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Kidney Week

Abstract: PO0319

Pseudo AKI: When the Kidney Biopsy Doesn't Match the Creatinine

Session Information

Category: Acute Kidney Injury

  • 103 AKI: Mechanisms


  • Waktola, Abebech J., Vanderbilt University Medical Center, Nashville, Tennessee, United States
  • Burgner, Anna Marie, Vanderbilt University Medical Center, Nashville, Tennessee, United States

Elevated Creatinine (Cr) without AKI can be seen due to increased production of Cr, interference with the assay, decreased tubular secretion of Cr and urine ascites. We report a patient who presented with pseudo AKI due to delayed urine leak after prostatectomy.

Case Description

A 53-year-old male with PMH of hypertension, mixed connective tissue disease and prostate cancer was admitted to an outside hospital 6 weeks after prostatectomy due to AKI noted during post op follow up visit. He had abdominal pain for which he was taking naproxen, nausea and oliguria. Labs showed a Cr 6.58 mg/dl (baseline 1.1 mg/dl), proteinuria, hematuria and pyuria. A CT of his abdomen showed fluid in his pelvis and no hydronephrosis. His Cr worsened despite supportive care. Serologic testing was unremarkable and a renal biopsy revealed mild acute tubular injury and glomerulomegaly. His Cr improved to 5 mg/dl with foley catheter placement and he was discharged. He presented to our ED two days later with worsening symptoms. Labs revealed his Cr had worsened to 10.8mg/dl and BUN was 103 mg/dl. He had hyperkalemia, metabolic acidosis, hyponatremia and hyperphosphatemia. A repeat CT of his abdomen revealed fluid in the retropubic space and free fluid in peritoneum concerning for an anastomotic leak. Static cystogram confirmed a leakage from the vesicourethral anastomotic site into the retropubic space. A drain was placed in retropubic space and a foley catheter was maintained. He was discharge with resolution of symptoms, drain and foley catheter in place with Cr of 1.1mg/dl and normal electrolytes.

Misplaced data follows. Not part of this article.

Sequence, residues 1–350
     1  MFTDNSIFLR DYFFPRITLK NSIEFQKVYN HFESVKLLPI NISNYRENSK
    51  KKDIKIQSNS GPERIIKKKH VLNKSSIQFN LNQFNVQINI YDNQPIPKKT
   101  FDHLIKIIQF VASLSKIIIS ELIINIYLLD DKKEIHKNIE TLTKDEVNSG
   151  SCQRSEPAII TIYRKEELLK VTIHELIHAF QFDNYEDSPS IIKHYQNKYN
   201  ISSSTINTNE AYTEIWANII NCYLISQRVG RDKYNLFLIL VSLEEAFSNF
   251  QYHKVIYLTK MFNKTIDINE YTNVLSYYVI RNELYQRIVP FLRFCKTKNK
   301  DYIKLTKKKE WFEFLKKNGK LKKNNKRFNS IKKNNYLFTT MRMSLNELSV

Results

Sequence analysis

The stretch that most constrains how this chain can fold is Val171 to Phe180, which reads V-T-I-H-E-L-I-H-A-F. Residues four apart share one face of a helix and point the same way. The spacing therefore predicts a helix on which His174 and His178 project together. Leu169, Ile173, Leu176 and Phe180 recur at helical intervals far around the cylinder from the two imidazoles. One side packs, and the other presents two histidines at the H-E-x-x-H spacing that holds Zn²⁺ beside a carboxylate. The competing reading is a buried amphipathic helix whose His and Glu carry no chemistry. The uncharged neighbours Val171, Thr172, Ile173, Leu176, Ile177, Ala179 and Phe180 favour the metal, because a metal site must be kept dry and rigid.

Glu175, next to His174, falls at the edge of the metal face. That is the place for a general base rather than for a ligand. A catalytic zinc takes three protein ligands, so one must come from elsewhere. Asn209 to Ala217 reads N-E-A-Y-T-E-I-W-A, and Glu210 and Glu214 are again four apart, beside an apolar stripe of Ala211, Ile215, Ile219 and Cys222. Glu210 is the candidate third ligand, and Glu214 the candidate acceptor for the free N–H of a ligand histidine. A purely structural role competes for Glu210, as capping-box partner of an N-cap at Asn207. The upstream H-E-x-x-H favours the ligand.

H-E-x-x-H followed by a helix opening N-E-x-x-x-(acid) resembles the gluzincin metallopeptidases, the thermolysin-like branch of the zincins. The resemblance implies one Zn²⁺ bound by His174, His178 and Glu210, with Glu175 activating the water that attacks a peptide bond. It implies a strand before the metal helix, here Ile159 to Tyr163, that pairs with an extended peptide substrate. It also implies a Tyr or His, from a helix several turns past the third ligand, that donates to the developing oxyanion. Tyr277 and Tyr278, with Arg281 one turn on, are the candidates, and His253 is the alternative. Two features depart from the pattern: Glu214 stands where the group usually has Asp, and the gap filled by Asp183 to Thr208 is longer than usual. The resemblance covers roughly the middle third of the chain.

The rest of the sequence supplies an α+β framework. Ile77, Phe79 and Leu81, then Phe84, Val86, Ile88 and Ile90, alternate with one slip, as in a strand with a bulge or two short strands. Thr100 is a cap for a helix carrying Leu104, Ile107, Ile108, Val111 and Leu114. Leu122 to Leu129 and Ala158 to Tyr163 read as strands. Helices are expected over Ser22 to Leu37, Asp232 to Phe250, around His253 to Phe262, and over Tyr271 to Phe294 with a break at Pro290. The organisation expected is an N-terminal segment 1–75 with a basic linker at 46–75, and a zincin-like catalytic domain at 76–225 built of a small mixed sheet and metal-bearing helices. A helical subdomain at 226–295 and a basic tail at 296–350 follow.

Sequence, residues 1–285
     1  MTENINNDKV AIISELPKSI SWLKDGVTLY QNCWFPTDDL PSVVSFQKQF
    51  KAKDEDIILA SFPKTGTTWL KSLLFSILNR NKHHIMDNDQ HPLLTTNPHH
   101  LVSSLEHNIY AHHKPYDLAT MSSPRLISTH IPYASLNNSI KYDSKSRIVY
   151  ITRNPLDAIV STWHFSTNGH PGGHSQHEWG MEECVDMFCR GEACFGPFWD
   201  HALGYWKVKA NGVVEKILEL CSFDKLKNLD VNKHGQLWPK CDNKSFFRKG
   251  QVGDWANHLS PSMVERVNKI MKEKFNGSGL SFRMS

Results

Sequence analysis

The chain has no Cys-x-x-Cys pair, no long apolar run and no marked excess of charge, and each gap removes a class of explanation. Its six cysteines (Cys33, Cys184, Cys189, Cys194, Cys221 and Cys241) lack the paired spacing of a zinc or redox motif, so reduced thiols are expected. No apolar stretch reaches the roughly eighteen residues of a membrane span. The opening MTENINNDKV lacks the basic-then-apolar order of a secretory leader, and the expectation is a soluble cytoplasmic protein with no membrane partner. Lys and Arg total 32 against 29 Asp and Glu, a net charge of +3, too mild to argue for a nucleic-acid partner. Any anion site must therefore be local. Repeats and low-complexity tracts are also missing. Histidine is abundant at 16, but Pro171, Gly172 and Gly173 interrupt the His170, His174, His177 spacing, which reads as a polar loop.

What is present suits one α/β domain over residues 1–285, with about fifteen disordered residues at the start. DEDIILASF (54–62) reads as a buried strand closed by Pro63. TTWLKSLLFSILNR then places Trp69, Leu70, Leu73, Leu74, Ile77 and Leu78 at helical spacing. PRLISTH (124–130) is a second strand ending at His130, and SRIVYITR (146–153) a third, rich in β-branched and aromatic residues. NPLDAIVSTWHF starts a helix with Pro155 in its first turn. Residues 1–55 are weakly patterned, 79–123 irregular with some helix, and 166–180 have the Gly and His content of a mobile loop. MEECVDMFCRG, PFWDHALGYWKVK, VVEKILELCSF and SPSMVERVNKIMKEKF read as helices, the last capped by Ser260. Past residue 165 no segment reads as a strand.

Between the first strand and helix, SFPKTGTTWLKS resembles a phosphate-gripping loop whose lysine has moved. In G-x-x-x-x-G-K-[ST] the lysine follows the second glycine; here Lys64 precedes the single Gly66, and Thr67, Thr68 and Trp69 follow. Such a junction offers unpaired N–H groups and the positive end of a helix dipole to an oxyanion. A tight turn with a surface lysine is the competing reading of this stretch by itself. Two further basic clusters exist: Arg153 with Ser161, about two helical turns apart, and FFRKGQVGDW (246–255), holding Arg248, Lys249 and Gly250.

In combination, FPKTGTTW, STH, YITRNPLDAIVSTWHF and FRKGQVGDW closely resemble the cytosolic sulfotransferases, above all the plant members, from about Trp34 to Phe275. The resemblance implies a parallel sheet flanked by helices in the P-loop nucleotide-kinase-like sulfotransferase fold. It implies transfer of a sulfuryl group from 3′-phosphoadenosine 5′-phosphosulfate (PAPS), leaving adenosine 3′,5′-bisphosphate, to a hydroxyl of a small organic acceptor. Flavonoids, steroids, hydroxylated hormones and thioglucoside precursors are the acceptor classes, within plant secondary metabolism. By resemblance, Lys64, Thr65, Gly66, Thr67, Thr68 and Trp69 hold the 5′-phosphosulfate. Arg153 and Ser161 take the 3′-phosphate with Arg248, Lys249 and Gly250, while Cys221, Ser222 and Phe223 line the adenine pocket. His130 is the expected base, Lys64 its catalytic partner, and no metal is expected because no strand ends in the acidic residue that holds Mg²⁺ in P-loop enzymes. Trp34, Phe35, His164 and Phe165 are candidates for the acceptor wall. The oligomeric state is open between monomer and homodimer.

Vesicourethral anastomotic urinary leak is reported in 8.6-13.6% of cases after laparoscopic prostatectomy and most cases present within 8 days after surgery. Patients usually present with symptoms due to urine leak resulting in peritonitis, paralytic ileus and pseudo AKI.
Pseudo AKI is a rare condition with biochemical evidence of AKI in the absence of structural kidney damage or injury. It can be seen following genitourinary surgery, blunt abdominal injury or radiation therapy leading to urine ascites. Urine ascites causes reverse auto peritoneal dialysis characterized by flux of small molecules from collected peritoneal urine to blood.
Nephrologists should have a high degree of suspicion for pseudo AKI in patients who present with oliguria, ascites and biochemical evidence of AKI following genitourinary surgery.